Stay tuned to Sprint 4G Rollout Updates. On Friday we will be announcing the next two Round Two markets for Sprint Network Vision and LTE deployment. We will be talking about it in a few hours in advance in a S4GRU Live Chat at 9:30 PM Mountain Time on Thursday evening. Come join us!

 

NashvilleSkyline.jpg

LPD18USSNewOrleansPassingNewOrleans.jpgPhotos Courtesy of Wikimedia Commons.

 

Information about the source: The information for all of our Network Vision information has been freely provided by several sources close to the Network Vision program who choose to remain anonymous. No source information will be released to protect anonymity.

 

Special thanks to S4GRU Member digiblur for creating the Nashville and New Orleans Market maps! Thank you!

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Di

I wish I was announcing Albuquerque and New Orleans! :(

 

Didn't you just announced New Orleans. Regardless Sprint was just snubbed from the Ipad 3 today, and if they don't get the big markets done by the end of September they might have an Iphone LTE problem.

 

The funny thing is Apple announced that they had to build two separate Ipad for Verizon and AT&T even though they use the same low 700mhz band. From looking at this I think they will do the same thing with the Iphone.

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Di Didn't you just announced New Orleans. Regardless Sprint was just snubbed from the Ipad 3 today, and if they don't get the big markets done by the end of September they might have an Iphone LTE problem. The funny thing is Apple announced that they had to build two separate Ipad for Verizon and AT&T even though they use the same low 700mhz band. From looking at this I think they will do the same thing with the Iphone.

 

I did just announce New Orleans. I was just stating that I would prefer that ABQ was being deployed at the time Nashville is in the schedule. And thus ABQ and NOLA would be announced together. That is, because, I live in the ABQ market.

 

Many believe that the reason Apple snubbed Sprint with an LTE iPad that supports their network is because Sprint's LTE network isn't live. It doesn't seem hard to fathom that Apple wouldn't want their new LTE iPad tarnished on the Now Network, because all those LTE capable units wouldn't be able to use LTE. Apple doesn't seem to be the kind of company that would want devices for future networks. There is a lot of risk to your brand doing that. There are still lots of angry Evo customers.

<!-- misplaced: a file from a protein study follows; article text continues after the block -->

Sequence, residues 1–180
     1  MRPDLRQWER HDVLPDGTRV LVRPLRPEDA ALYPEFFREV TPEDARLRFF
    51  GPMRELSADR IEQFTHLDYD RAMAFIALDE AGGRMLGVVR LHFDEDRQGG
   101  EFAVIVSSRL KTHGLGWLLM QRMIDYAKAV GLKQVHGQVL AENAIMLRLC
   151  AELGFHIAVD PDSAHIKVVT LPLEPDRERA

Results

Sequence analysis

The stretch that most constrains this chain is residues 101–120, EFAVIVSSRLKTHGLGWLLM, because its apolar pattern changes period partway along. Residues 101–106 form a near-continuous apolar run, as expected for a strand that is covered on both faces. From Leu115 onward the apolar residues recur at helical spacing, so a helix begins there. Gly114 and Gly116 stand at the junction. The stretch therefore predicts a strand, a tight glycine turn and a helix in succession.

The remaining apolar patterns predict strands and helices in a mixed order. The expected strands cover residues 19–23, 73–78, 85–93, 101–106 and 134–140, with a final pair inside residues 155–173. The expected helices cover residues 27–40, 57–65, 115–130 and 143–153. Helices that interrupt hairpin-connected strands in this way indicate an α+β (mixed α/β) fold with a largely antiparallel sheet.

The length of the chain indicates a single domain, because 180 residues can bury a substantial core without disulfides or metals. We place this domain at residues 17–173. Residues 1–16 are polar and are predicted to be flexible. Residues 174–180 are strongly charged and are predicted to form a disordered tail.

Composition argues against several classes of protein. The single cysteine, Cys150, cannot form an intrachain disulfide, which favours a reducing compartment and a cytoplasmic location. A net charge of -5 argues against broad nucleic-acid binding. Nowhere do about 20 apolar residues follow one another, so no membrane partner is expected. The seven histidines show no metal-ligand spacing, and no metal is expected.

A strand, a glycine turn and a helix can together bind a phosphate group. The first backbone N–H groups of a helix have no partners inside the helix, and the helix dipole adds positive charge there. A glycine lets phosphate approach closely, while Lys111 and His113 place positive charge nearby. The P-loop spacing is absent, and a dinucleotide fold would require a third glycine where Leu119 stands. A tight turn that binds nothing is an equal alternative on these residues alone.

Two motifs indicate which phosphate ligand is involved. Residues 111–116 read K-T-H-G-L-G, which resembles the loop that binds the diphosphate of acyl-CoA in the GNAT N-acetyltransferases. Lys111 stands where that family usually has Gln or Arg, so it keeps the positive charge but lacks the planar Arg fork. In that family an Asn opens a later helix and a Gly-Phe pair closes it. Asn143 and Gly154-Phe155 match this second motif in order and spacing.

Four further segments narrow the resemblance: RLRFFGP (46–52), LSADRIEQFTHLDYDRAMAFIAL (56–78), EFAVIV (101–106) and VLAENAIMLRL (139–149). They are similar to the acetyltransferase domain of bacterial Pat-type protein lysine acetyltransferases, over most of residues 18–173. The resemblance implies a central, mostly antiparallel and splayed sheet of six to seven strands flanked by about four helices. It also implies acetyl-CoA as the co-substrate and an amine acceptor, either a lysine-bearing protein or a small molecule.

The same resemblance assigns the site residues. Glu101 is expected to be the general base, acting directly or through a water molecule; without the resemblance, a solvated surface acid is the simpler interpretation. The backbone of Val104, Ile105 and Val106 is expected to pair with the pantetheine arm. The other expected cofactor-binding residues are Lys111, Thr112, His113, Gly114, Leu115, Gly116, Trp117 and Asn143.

Most likely Apple will allow Sprint to carry an LTE capable version of the new iPad when its LTE network is not only running, but a little more mature. Maybe in the ballpark of active markets that AT&T is now?

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I did just announce New Orleans. I was just stating that I would prefer that ABQ was being deployed at the time Nashville is in the schedule. And thus ABQ and NOLA would be announced together. That is, because, I live in the ABQ market.Many believe that the reason Apple snubbed Sprint with an LTE iPad that supports their network is because Sprint's LTE network isn't live. It doesn't seem hard to fathom that Apple wouldn't want their new LTE iPad tarnished on the Now Network, because all those LTE capable units wouldn't be able to use LTE. Apple doesn't seem to be the kind of company that would want devices for future networks. There is a lot of risk to your brand doing that. There are still lots of angry Evo customers.Most likely Apple will allow Sprint to carry an LTE capable version of the new iPad when its LTE network is not only running, but a little more mature. Maybe in the ballpark of active markets that AT&T is now?

 

Most likely by the end of the Summer the Ipad arrives on Sprint.

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I am guessing a Sprint iPad LTE could come around the same time as the new iPhone 5 which is around October and not any sooner. Hopefully Sprint will be done with all or if not the majority of the first round markets by that time and some second round markets would be starting up. It sucks that the timing of the iPad is so early in the year before the first markets of Network Vision are up.

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Di Didn't you just announced New Orleans. Regardless Sprint was just snubbed from the Ipad 3 today, and if they don't get the big markets done by the end of September they might have an Iphone LTE problem. The funny thing is Apple announced that they had to build two separate Ipad for Verizon and AT&T even though they use the same low 700mhz band. From looking at this I think they will do the same thing with the Iphone.

AT&T uses band class 17 for LTE and Verizon uses band class 13. The reason why nobody has been able to make a device that can work on both is because of the preamp diplexer filtering necessary. In Verizon's band class 13, the uplink frequencies are actually higher than the downlink frequencies, which is backward from just about every other FDD band class. This puts BC 13 downlinks at 746 - 756 MHz. Band class 17 has the uplink frequency lower (like normal), but that puts its downlinks at 734-746 MHz. There are some filtering issues that complicate the LNA and diplexer design that make a single device compatible with both bands very difficult to engineer.